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LaJuné McMillian
LaJuné smiling in the Eyebeam studios.
Date and place of birth
b. 1992, New York, NY
Current location
New York, NY
Year(s) of residency and/or fellowship
201819, Access Resident

LaJuné McMillian is a Multidisciplinary Artist, and Educator creating art that integrates performance, extended reality, and physical computing to question our current forms of communication.

McMillian is passionate about discovering, learning, manifesting, and stewarding spaces for liberated Black Realities and the Black Imagination. They believe in making by diving into, navigating, critiquing, and breaking systems and technologies that uphold systemic injustices to decommodify our bodies, undo our indoctrination, and make room for different ways of being.

McMillian had the opportunity to show and speak about their work at Pioneer Works, National Sawdust, Leaders in Software and Art, Creative Tech Week, and Art & Code’s Weird Reality. They were previously the Director of Skating at Figure Skating in Harlem, where they integrated STEAM and Figure Skating to teach girls of color about movement and technology.

They have continued their research on Blackness, movement, and technology during residencies and fellowships at the Jerome Hill Artist Fellowship, Eyebeam, Pioneer Works, Barbarian Group, and Barnard College.

Meet the Eyebeam Access (2018-2019) Residents Interview: LaJuné McMillian in conversation with open call jury member Salome Asega

Learn more about the Open Call: Access.

LaJuné McMillian is a new media artist, and creative technologist creating art that integrates performancevirtual reality, and physical computing to question our current forms of communication. While at Eyebeam, they will create The Black Movement Project, an online library equipped with 3D black character base models and motion capture data from black performers previously unrepresented in available databases. They spoke with Salome Asega, Assistant Director of POWRPLNT, Curatorial Advisor of REFRESH, and Eyebeam alum.


Salome Asega: Congratulations on the residency at Eyebeam this year. The theme for the year is access, and I’m wondering how does the work you do tie into this theme?

LaJuné McMillian: The project itself is called The Black Movement Project. I’m trying to focus on building a motion capture library and tool for black 3D-based characters. It’s a library that people can use to download motion-capture files and character they want to use. They will have access to the way that we move through time. It’s a museum, or an archive, of the ways that we move.

SA: There are so many entry points to how we think about access: access to resources, access as it relates to disability justice. I like this idea of access to yourself and your representation in digital form, in 3D form.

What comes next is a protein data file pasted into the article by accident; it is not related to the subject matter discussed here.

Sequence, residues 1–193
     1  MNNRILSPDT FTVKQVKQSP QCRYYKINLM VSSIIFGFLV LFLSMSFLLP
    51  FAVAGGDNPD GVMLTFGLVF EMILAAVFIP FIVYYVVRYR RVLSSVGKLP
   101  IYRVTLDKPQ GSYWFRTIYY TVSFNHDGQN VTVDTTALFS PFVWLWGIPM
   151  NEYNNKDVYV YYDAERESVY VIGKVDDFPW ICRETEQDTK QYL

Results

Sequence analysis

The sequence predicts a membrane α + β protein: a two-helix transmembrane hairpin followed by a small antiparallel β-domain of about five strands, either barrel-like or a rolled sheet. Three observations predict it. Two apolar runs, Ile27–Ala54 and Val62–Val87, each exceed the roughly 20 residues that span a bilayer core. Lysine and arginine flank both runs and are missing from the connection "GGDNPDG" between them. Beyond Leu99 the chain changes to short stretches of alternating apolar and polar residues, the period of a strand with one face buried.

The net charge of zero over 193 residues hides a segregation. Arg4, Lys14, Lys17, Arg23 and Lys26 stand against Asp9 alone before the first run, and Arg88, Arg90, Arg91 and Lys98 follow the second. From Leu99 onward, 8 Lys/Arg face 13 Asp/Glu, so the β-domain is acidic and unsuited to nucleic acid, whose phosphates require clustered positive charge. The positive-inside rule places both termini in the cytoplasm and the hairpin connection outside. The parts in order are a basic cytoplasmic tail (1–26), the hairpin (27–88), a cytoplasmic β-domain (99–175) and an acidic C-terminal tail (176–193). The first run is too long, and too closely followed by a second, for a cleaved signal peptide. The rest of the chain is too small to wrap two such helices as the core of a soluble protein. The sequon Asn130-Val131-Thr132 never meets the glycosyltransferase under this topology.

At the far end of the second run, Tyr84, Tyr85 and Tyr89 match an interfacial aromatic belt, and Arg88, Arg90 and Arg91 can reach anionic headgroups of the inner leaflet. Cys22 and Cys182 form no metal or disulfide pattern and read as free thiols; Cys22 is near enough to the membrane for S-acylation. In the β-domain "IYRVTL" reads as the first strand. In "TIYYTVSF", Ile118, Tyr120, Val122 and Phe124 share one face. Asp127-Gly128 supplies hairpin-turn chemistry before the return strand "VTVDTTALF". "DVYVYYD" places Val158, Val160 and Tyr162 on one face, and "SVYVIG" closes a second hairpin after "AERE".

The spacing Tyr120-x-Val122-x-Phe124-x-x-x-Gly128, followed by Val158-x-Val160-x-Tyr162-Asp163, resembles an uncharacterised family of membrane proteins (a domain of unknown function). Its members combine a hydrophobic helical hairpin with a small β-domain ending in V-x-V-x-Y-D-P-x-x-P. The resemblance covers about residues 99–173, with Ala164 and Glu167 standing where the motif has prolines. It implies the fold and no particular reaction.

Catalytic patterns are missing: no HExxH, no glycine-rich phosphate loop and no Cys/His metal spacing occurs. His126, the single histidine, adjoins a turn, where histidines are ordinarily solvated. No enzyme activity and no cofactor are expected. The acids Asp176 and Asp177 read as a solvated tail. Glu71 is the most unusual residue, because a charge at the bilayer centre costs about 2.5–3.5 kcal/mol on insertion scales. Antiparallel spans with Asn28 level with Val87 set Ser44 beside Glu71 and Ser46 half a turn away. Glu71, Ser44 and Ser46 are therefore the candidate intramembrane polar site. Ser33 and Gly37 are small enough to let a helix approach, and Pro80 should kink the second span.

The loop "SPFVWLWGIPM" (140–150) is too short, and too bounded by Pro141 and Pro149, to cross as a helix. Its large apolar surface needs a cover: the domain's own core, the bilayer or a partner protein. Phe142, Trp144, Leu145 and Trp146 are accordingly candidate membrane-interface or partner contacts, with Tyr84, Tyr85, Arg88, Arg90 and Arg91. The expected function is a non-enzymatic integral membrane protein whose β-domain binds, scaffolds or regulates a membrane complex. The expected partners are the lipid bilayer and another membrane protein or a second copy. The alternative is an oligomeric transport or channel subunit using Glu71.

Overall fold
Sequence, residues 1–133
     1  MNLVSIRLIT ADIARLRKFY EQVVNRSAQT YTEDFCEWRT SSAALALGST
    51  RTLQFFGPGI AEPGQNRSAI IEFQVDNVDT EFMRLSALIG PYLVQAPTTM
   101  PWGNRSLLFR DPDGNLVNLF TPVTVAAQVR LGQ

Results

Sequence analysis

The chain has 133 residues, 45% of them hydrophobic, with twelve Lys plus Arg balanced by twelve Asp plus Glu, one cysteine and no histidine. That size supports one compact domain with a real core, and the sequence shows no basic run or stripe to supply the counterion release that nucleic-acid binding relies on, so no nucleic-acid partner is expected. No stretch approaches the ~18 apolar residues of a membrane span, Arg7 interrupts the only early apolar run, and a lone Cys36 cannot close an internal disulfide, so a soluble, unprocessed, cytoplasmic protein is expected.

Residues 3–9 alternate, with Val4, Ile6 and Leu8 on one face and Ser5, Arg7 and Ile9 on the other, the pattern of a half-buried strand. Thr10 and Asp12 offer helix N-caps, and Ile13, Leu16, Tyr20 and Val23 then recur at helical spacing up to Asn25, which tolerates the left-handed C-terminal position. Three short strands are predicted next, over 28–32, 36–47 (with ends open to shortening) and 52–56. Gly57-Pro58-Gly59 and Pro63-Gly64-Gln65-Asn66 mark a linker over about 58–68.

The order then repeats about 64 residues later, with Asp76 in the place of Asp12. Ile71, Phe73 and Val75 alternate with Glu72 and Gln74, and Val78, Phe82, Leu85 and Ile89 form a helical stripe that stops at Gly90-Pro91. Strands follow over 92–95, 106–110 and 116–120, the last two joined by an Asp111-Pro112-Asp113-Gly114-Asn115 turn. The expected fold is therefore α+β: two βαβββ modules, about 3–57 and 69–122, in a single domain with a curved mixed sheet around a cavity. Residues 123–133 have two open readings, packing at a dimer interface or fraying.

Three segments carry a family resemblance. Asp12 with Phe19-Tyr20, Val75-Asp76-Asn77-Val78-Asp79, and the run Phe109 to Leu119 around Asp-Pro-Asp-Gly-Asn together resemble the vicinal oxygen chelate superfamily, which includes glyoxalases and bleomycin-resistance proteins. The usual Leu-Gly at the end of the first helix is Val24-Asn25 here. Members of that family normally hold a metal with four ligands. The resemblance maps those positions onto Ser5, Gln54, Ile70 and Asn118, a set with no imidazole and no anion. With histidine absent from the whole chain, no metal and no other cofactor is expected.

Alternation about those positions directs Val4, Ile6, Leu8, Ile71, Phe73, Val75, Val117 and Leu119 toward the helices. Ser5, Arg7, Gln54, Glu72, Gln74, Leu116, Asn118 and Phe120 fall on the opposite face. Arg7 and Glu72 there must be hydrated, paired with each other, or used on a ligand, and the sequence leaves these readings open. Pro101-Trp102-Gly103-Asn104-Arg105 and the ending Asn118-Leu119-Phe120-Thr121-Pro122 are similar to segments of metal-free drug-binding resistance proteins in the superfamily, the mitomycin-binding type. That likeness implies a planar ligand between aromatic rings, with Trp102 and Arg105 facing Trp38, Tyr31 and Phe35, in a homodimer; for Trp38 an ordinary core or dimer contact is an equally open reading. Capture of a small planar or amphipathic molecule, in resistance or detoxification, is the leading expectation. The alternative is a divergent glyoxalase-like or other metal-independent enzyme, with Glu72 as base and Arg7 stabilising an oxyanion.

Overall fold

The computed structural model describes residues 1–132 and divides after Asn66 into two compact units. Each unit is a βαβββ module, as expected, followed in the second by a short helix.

LM: What I’m trying to do is create a space where I can bring black people into the 3D community. I want to bring in black performers and activists. I’m trying to create this space where we can all sit down and build these tools together.

SA: What do you think needs to happen, or should happen, in what you call the 3D community / VR community space to become more accessible and more inclusive?

LM: Making the tools more affordable would be helpful, but the tools that are out now don’t cater to the black community at all. There are no characters that represent me. I want to open up the XR community to more black performers, activists, and modelers, and coders, making the tools more of a reflection of the black community.

SA: I’m curious about what kind of exploratory places you’re interested in reaching during this residency? What are some weird experiments you want to get into while at Eyebeam? What are things that you’re excited about trying, that you haven’t had time or resources for yet?

LM:I’m going to make this tool by researching a huge range of black bodies. I’m going to do body scans of all different types of black people. I’m really interested in different sizes, body forms, and skin/hair textures to showcase the diversity of blackness. How have we used movement as a form of resilience?

SA: I love you saying that you’re in a place of research, and that you’re willing to do this research—that you want to do this research—with other people. It’s a beautiful way to start your residency. That you’re willing and you want to learn with other people to create spaces for you to exist in this 3D/XR community. So, thank you so much. I’m very excited to see what happens this year and I can’t wait to start poking around this library and even use some of the things you create.

More information about the Black Movement Project, can be accessed here.

Eyebeam models a new approach to artist-led creation for the public good; we are a non-profit that provides significant professional support and money to exceptional artists for the realization of important ideas that wouldn’t exist otherwise. Nobody else is doing this.

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